On that note, most seem to think Station Content is a lost film, too. They’re not entirely wrong – what survives is an abridged copy, not the film DeMille was so impressed by in 1918. We lose out on some of the more salacious subplots, like Stephen Morton being Jim’s boss and Kitty having an affair with him. It’s just sidelong glances and a vague suggestion of things unsaid now. What saddens me is that we don’t get to see more of the action set pieces; I’m very impressed by the camera work in those that do survive. Arthur Hoyt was primarily an actor. If you’ve read my other reviews, you might remember him as Henry Caron from Trumpet Island (1920). He only directed one film before Station Content and quit directing immediately after. I can’t imagine why. There’s something about the simple composition of his shots that’s perfectly effective at conveying the characters’ emotions. Particularly striking is the scene with Kitty standing on the tracks in front of the train as the rain beats down, her arms outstretched as if crucified, with the headlight from the train morphing into a halo over her head. It’s an image of contrition and the hope of redemption.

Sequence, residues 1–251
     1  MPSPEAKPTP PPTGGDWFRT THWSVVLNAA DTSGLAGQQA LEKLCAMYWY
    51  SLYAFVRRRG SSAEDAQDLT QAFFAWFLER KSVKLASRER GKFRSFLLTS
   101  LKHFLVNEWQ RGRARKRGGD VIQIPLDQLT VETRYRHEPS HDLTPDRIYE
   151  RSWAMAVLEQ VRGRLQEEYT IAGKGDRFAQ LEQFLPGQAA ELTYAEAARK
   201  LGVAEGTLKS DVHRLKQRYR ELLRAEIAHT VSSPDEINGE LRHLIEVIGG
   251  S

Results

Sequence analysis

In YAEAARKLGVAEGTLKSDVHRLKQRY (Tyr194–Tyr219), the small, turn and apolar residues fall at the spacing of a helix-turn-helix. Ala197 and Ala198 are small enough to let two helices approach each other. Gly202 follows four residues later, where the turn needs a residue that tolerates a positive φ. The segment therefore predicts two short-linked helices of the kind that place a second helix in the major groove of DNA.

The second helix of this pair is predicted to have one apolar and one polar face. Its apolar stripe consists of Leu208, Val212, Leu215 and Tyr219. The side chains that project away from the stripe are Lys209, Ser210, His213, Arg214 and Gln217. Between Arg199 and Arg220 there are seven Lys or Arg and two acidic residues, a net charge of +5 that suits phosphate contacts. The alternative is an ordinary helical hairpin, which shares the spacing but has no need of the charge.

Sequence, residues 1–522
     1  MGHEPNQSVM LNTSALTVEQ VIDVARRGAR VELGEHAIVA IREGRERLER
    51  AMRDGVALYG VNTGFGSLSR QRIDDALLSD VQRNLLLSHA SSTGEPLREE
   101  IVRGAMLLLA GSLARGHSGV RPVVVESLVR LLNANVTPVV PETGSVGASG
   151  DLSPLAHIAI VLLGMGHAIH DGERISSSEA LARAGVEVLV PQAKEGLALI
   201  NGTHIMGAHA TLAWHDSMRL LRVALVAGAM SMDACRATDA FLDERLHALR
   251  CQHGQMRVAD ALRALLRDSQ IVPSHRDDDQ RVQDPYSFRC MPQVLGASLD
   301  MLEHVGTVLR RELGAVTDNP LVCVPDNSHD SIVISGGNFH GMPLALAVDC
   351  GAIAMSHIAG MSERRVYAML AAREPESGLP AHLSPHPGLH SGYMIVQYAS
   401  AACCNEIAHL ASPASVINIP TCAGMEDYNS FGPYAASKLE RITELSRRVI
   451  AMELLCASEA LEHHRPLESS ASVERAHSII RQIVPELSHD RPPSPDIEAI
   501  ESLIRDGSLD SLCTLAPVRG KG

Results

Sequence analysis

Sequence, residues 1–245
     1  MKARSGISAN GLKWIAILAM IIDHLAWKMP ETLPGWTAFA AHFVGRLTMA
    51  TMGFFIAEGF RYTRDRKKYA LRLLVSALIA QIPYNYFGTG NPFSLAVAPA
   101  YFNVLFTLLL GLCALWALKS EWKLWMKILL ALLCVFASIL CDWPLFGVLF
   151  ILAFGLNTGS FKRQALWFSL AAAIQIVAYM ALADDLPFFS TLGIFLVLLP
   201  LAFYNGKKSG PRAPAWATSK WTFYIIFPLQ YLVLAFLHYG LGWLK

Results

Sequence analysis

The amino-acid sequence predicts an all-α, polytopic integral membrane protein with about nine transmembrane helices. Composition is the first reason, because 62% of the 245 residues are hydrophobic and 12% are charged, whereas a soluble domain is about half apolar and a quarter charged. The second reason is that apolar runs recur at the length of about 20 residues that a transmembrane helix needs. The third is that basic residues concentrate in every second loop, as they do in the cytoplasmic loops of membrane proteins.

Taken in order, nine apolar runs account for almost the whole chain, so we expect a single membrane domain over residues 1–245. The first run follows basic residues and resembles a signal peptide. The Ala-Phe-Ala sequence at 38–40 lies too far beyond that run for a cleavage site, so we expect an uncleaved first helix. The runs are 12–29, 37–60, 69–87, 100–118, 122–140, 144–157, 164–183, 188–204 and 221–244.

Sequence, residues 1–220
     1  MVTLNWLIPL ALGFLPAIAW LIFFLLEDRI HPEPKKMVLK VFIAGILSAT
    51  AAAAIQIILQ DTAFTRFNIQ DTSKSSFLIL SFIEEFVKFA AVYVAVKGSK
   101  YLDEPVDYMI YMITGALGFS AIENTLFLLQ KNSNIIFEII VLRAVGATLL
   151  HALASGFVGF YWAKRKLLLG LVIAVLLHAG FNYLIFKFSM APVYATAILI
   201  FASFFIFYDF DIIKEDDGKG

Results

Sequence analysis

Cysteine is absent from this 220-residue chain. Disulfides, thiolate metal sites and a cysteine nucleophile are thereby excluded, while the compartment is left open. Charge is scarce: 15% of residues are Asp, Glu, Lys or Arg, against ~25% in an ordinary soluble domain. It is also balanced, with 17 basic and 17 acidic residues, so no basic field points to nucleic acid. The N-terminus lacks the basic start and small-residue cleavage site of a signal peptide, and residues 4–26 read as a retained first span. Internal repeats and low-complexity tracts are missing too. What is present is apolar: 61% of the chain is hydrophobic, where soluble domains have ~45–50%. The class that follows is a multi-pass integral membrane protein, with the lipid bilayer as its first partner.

I’ll admit that I’m a sucker for sentimental melodrama, but I think I’d like Station Content even if I weren’t. I give a strong recommendation for it.
Side note: it’s usually the case that the entire cast and crew of all the films I watch are long dead, but I can’t say that of Station Content. The baby in the Hell’s Station sequence is Fay McKenzie, and at least as of my writing this, she’s still alive at the age of 95.
My rating: I like it.
Available from Harpodeon
I had heard of the Johnsons long before I saw any of their films. When much of the world was still relatively unexplored, this husband and wife pair traveled to the interior of Africa and to remote tropical islands photographing the natives and wildlife. A fair number of their later documentaries survive, but little remains of their early work. Around four minutes of miscellaneous clips thought to be taken from one of their first films, Among the Cannibal Isles of the South Pacific (1918), was all that was believed to survive of the footage that they shot during their exploration of the New Hebrides (present day Vanuatu).
A few years ago, I acquired a print of a silent documentary that was definitely about cannibals and was likely a complete copy of Among the Cannibal Isles of the South Pacific. The trouble was that it’s a 16mm safety print, made probably in 1930, and is in a severely advanced stage of decomposition. When I got it, the first dozen feet were a crumpled mess and so brittle that it would disintegrate if any attempt was made to flatten it. The rest could not be removed from the reel at all – the film base, as it broke down and shrank, became stuck to the emulsion of the film beneath it and the whole reel had essentially fused into a solid block of cellulose diacetate.